For example, while deep learning can automatically discover the features to be used for classification, machine learning requires these features to be provided manually. This example sums up the difference between machine learning and deep learning. In other words, deep learning is a smarter execution of machine learning, which is why it is starting to revolutionize from machine learning.
Figure 2 (Source: Towards Data Science) (citation below)
This picture sums it up really. Artificial intelligence uses machine learning and deep learning as subsets to fulfill its definition, adding human intelligence to machines. Machine learning is a subset of artificial intelligence because it specifies the definition of artificial intelligence to adding the ability to learn from inputted data. Deep learning is a subset of machine learning as it expands on the way machines are able to learn using concepts from the human brain.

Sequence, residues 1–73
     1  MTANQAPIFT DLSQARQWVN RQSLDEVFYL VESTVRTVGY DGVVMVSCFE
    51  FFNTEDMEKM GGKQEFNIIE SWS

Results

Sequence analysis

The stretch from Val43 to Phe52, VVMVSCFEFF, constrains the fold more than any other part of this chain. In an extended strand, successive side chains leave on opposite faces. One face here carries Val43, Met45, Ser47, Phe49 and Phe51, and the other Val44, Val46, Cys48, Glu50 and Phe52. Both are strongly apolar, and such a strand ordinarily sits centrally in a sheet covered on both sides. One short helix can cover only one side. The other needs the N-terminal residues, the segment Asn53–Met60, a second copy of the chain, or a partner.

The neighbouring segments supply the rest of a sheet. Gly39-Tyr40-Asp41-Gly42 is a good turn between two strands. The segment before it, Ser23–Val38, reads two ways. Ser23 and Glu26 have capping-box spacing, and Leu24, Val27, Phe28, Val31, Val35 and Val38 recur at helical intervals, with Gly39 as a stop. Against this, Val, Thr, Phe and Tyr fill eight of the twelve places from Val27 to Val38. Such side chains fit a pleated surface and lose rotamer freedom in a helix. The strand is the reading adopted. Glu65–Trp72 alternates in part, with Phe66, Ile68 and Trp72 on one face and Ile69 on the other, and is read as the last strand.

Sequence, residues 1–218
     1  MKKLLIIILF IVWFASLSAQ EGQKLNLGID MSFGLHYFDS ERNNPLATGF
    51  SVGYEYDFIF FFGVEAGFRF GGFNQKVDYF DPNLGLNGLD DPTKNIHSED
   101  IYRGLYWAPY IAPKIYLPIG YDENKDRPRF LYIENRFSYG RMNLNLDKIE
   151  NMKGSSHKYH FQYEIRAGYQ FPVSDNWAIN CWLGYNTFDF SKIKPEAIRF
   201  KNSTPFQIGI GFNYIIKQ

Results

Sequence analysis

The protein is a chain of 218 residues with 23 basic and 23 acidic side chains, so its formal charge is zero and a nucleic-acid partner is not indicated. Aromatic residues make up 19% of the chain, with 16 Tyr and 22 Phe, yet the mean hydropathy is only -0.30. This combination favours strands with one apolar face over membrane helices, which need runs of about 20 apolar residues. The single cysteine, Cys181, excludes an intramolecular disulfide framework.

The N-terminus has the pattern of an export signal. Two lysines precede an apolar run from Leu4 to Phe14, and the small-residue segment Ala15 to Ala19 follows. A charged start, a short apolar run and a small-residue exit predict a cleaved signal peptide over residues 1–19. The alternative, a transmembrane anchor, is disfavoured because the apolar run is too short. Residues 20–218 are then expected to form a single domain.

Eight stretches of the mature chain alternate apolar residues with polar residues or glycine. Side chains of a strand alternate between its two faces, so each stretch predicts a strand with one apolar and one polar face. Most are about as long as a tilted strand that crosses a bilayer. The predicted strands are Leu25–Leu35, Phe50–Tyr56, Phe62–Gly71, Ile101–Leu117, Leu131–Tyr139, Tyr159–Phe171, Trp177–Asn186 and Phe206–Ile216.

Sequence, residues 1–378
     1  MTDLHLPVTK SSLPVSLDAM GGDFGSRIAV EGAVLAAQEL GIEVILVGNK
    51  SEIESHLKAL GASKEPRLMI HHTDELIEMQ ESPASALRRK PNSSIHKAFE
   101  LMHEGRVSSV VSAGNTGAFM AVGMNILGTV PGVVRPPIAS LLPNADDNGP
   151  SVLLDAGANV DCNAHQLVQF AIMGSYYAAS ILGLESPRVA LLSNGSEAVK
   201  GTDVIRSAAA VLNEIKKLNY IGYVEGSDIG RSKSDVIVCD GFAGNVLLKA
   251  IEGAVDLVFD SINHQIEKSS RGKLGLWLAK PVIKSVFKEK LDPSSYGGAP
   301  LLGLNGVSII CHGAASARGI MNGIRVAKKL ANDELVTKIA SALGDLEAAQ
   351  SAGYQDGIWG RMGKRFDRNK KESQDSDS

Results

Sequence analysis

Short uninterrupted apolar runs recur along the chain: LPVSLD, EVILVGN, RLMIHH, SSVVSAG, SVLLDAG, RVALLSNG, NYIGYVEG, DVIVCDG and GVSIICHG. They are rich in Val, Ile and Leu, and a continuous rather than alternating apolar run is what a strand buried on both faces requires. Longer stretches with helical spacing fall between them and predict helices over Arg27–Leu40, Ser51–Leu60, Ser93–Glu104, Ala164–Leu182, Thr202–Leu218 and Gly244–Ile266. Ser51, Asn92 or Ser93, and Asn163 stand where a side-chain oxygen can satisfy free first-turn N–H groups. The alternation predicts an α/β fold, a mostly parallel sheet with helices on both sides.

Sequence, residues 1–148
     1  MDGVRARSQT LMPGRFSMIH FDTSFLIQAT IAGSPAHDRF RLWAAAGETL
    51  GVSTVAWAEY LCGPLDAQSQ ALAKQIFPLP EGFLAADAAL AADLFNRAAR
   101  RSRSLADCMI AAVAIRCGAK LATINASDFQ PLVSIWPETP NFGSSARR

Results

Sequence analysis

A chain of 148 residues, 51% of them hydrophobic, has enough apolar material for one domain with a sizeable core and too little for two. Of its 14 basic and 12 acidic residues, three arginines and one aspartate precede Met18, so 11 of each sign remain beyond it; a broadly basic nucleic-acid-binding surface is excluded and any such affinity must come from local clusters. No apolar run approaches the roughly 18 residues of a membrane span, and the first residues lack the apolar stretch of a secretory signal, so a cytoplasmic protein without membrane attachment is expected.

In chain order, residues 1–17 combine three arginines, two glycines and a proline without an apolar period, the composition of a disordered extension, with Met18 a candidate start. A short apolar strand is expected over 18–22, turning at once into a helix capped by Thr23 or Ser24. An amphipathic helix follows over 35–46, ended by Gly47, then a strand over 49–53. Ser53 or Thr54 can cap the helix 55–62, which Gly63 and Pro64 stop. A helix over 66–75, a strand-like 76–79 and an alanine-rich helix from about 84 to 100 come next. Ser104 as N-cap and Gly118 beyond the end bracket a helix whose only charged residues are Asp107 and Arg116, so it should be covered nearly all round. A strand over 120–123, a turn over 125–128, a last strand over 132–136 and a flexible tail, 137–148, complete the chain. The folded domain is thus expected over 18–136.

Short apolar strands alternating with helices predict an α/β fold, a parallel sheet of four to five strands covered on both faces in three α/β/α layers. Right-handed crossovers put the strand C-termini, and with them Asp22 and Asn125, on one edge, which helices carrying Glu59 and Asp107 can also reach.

However, just remember, they are all equally important.
An, Hongyu. “Figure 2 By Hongyu An.” ResearchGate, ResearchGate, Oct. 2017, www.researchgate.net/figure/Neuron-networks-a-brain-b-neural-network-c-neuron-connecting-structure-d-neuron_fig1_320567646. Figure 1 citation
Brownlee, Jason. “What Is Deep Learning?” Machine Learning Mastery, Machine Learning Mastery, 19 Dec. 2019, machinelearningmastery.com/what-is-deep-learning/.
Garbade, Michael J. “Clearing the Confusion: AI vs Machine Learning vs Deep Learning Differences.” Medium, Towards Data Science, 14 Sept. 2018, towardsdatascience.com/clearing-the-confusion-ai-vs-machine-learning-vs-deep-learning-differences-fce69b21d5eb. Figure 2 and machine learning citation
Marr, Bernard. “What Is The Difference Between Artificial Intelligence And Machine Learning?” Forbes, Forbes Magazine, 13 May 2019, www.forbes.com/sites/bernardmarr/2016/12/06/what-is-the-difference-between-artificial-intelligence-and-machine-learning/#1d307b792742.
Singh, Harjinder. “Artificial Intelligence vs Machine Learning vs Deep Learning.” Geeks for Geeks, Geeks for Geeks, www.geeksforgeeks.org/artificial-intelligence-vs-machine-learning-vs-deep-learning/.
Yash Gupta is the head programmer for Helyx and has programmed a lot, working mainly in deep learning, but also in robotics. If you have any questions about this or anything deep learning related, please feel free to contact him @ firstname.lastname@example.org.